Take running back Artose Pinner. Not long after Harrington's performance, Pinner ran for 125 yards and three TDs as Minnesota beat the Lions, 30-20. He ran for 65 yards and zero TDs in the Vikings' other 15 games combined.
You know Jones would love to do something similar.
"I was upset just because I thought I knew them better than that," Jones said about his release in May. "I thought Rod (Marinelli) and (Matt) Millen and things like that would give me a chance to come back. Just letting me go when I was hurt kind of pissed me off. But I don't have any animosity. I'll see them again someday on the field or something. I'll take it out then."
CAMP CALENDAR: Players report July 23. First practices are July 24.
QUOTE TO NOTE: "As much as I can say that don't make a difference, you know as a kid you always grow up watching the team. The biggest games I remember were the Thanksgiving Day games. To get a chance to come home and play for this organization and get a chance to play on Thanksgiving, I mean, I couldn't ask for nothing more." — S Dwight Smith, telling the Detroit Free Press about playing for his hometown team.
GREEN BAY PACKERS
The veteran quarterback's agent, Bus Cook, told ESPN's Chris Mortensen that petitioning the league for Favre to be reinstated from the reserve-retired list isn't imminent.
"We're going to let Green Bay decide what they want to do. It's their move," Cook said.
The Favre camp put the proverbial football back in the Packers' hands after general manager Ted Thompson rejected his request to be released and then suggested that Favre would be welcomed back to the team but only as a backup to anointed starter Aaron Rodgers.
"Right now we have until the sixth week (of the regular season to apply for reinstatement) and Brett has made it pretty clear that he is not willing to come in as a backup," Cook said.
Favre's return to the Packers for a 17th season seems to be remote at best, given the plethora of post-Fourth of July fireworks emanating between the two sides.
The friction came to a head when Favre spoke publicly for the first time since it was revealed earlier in the month that he had a desire to play again after he retired in March.
Favre had a lengthy interview July 14 with Greta Van Susteren of Fox News Channel, which aired different segments of the conversation in Mississippi three straight nights.
Favre admitted that he was "guilty" of retiring early because he wasn't 100 percent committed to continue playing shortly after last season ended. Yet, he was blunt in his criticisms of the Packers, particularly Thompson, for how they treated him and demanded a decision on his playing future sooner rather than later. Favre made mention of "half truths" spoken by Packers officials and revealed a lack of trust he has in Thompson for his role in not landing free-agent receiver Randy Moss in the 2007 offseason, among other decisions he made that countered suggestions made by Favre for the benefit of the team.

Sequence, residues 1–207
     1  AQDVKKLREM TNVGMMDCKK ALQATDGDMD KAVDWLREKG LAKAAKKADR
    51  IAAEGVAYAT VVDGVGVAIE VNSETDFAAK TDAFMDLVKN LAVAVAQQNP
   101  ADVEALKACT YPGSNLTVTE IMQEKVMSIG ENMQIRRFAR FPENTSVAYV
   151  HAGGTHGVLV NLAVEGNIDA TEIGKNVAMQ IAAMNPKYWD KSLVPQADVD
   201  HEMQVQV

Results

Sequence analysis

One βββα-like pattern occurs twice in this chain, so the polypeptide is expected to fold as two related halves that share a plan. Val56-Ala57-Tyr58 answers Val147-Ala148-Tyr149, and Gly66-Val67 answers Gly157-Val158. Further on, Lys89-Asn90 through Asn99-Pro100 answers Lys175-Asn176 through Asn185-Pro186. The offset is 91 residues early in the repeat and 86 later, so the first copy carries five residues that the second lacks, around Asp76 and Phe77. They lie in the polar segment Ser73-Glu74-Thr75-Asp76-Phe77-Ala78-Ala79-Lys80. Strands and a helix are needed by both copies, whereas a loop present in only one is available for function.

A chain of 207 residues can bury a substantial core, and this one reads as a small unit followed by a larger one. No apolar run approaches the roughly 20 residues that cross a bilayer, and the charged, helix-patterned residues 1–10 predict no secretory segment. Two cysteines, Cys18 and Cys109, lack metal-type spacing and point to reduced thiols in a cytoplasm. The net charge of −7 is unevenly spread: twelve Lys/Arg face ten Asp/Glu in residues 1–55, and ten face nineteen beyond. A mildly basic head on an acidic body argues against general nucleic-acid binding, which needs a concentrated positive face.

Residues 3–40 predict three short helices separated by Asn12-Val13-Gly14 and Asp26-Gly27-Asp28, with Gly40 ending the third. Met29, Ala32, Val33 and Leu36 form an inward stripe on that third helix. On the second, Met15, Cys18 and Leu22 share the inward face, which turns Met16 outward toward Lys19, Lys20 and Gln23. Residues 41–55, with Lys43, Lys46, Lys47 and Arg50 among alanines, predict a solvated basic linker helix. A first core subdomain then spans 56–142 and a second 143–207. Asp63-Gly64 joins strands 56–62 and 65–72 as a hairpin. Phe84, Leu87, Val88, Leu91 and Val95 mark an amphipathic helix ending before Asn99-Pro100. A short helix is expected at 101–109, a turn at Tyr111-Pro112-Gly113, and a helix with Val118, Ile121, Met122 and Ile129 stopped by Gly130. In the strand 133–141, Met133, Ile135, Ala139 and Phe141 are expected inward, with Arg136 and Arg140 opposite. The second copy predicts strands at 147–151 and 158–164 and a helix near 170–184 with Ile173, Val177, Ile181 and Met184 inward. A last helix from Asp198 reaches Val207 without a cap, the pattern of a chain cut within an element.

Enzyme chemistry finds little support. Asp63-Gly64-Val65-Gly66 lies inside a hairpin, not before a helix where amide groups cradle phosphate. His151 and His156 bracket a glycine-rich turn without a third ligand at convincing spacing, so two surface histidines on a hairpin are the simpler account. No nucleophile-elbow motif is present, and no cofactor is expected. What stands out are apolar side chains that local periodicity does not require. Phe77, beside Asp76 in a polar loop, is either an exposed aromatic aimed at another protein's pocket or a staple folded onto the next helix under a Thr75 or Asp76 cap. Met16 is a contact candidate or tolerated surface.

The Packers were open to having Favre back after he had second thoughts about retiring shortly after his tearful press conference in Green Bay, but Favre decided to stay retired and the organization moved on without him.
After preparing Rodgers the entire offseason for the starting job, the Packers stayed firm with their plans of moving forward even when Favre contacted head coach Mike McCarthy on June 20 and expressed that he was thinking about making a comeback.
Less than a month later, the league's oldest franchise and its most celebrated player were at loggerheads. The Packers wouldn't budge on their commitment to Rodgers as the starter, and Favre wasn't accepting of a backup role after starting a league-record 275 straight games.
"Why?" Favre said sternly to Van Susteren in the interview.
"They've been preaching about, ‘We want to protect Brett's legacy,'" he added in some of his most scathing comments toward team management. "How does that protect my legacy if I'm a backup? ‘Brett, we'll welcome you back, we'll pay you $12 million (his salary this year), but you have to hold a clipboard and (wear a) ball cap.' That's probably better for them as opposed to letting me go somewhere and me coming back (and beating the Packers), then their legacy, the management, could be in jeopardy. Let me worry about that. You don't worry about my legacy. It's a bunch of bull; it's all it is."
Adding fuel to the firestorm was Favre's detailing in the interview the involvement of Packers offensive line coach James Campen, a former teammate of Favre and a close friend, as a go-between. Favre said Campen had to skip a family vacation in Hawaii a few weeks earlier to make an unannounced visit on the team's behalf to Favre's home near Hattiesburg, Miss.
"He says, ‘You know, I know they told you they're moving on and playing there is not an option. Playing here in Green Bay is not an option, which that's what they want. They want to move on. But I'm telling you, if you reinstate or you force their hand, back them in a corner, they feel like they have no other option, they're going to accept you back.' And he said, ‘Just telling you.' And I said, ‘OK.'"